Civic Theatre column
People who know me well are familiar with my deeply held belief that the two most quotable movies are Casablanca and Zoolander. I rank Rick Blaine’s ‘ Louis , I think this is the beginning of a beautiful friendship.‘ right up there with Derek Zoolanders “ I think I have the black lung father.”
Two years ago I emerged from the Civic Theatre spellbound by Benedict Cumberbatch’s performance in the National Theatre Live broadcast of Frankenstein and last month I just had to make someone watch Peter Boyle’ interpretation of the monster as he sang “ Puttin On the Ritz!” in Mel Brooks’ Young Frankenstein. If you haven’t seen it, YouTube it, then make a friend watch it.
They both have their place and they both deserve to be watched.
We all have memories of particular movies we’ve enjoyed, whether it was sharing the infectious laughter of 500 watching Young Frankenstein when it first hit the theatres or enjoying the joie de vivre of a respected local citizen as he did the chicken dance in a competition before the documentary Chicken People last year.
Sometimes we see a movie for the performance, sometimes for the artistic revelation or the unique story, and sometimes just for fun. The Civic offers you the chance to explore and broaden your interests. That’s unique.
In late March, members and staff of the theatre board made a presentation to city council. One fact that emerged was that in 2017 there were over 34,000 regular ticket sales for for 402 showings of 130 movies but total attendance was closer to 45,000. That’s because the Civic is now used by a number of other groups to host special feature including lectures and webinars. It’s a wide spectrum.
And that brings me to the announcement portion of this column. After five years of evolving programs and business operations the society announced to city council that they are ready to expand to three venues within the next two years. The message at this point is that it requires the efforts of partners at various levels and it has taken partners to get us to this level. Partners from our membership, to the city as a landlord, to the Columbia Basin Trust and a number of provincial programs.
Two weeks ago the CBT stepped forward again with $73,373 to enhance the sound system . When the society leapt into the 21 st century one of the first things the community pitched in for was a replacement sound system for the old single mono speaker on wheels, and it was a fantastic improvement and most still is. However, aside from the state of the art processor and acoustic wall treatment, the amps and speakers were refurbished to get costs down and get the theatre operational as soon as possible. They were slightly under powered for our size, and not specifically designed for new digital standards so new amplifiers and front speaks will greatly enhance the rest of our surround system. Those of you who have noticed certain frequencies have grown too shrill and loud over time, but dialogue too hard to understand if the volume is dropped, will be blown away from the clarity, balance across the frequencies and listening comfort of the new set-up that will equally perform for digital cinema and live applications. More importantly this fits into the new designs for the main theatre. That’s a start. Our thanks to Columbia Basin Trust for their trust.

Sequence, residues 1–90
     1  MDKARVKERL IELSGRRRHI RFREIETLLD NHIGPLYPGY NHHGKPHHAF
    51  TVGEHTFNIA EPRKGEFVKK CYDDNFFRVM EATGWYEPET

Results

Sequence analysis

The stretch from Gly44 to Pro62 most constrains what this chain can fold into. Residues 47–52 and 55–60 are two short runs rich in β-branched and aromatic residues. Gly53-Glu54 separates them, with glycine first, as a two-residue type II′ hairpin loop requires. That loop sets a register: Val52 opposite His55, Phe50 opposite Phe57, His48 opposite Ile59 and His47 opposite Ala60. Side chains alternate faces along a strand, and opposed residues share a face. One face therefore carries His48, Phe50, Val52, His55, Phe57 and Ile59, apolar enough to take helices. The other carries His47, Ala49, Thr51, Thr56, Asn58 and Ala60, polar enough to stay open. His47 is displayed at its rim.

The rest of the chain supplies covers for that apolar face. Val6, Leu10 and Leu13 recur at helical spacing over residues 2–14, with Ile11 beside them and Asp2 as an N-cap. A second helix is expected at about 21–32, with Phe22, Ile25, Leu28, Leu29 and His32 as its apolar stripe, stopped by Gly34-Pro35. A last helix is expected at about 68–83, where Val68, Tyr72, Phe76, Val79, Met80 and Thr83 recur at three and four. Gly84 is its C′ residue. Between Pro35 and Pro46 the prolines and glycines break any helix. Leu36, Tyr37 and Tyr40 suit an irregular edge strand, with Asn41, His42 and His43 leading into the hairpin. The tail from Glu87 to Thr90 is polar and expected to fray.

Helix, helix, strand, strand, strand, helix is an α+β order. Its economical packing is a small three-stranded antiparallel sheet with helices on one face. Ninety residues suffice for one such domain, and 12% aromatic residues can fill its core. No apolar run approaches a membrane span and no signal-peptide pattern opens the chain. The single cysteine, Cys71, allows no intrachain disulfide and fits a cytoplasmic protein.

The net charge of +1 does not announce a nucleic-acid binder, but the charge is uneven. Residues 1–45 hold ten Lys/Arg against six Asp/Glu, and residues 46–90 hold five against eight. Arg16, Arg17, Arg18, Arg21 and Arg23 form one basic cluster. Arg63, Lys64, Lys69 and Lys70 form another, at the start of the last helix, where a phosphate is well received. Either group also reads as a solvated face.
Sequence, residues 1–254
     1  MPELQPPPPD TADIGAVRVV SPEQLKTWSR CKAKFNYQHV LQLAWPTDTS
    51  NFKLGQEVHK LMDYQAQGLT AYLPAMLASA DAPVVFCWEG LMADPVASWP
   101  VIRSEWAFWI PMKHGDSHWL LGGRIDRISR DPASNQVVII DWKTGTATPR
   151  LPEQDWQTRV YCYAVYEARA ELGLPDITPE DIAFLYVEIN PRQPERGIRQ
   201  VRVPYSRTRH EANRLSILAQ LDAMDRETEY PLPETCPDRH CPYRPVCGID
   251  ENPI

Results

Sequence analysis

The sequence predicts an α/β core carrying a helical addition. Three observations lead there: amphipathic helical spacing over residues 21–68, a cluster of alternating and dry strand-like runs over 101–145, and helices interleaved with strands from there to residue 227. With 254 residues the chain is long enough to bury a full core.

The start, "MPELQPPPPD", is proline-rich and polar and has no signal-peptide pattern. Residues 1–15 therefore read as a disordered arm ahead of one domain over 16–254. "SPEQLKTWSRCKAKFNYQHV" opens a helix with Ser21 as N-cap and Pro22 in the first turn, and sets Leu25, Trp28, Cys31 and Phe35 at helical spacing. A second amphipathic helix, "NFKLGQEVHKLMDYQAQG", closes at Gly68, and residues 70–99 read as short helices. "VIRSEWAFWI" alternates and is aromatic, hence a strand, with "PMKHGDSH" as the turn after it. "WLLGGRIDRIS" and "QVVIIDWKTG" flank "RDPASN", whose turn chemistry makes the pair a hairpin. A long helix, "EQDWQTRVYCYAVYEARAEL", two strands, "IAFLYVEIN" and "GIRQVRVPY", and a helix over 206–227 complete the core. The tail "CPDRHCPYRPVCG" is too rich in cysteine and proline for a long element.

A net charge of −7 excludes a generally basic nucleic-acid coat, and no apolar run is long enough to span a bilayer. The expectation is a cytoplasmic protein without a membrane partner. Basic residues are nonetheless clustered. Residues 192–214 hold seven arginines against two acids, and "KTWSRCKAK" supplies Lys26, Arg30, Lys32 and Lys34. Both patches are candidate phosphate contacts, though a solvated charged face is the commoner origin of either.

I have a lot more favorite movie stories to tell and some I won’t tell and some Jason promised he won’t tell. Many, many have been from this very theatre. The goal now is to build the theatre for the long term. To offer the community more choices, to ensure it continues to operate as a sound business, to employ more youth, to host more lectures, to build a local film industry, to make more memories.
I wonder if Casablanca ever played here. I can picture it. I can hear it too.
Brian May is a Nelson Civic Theatre Society Board member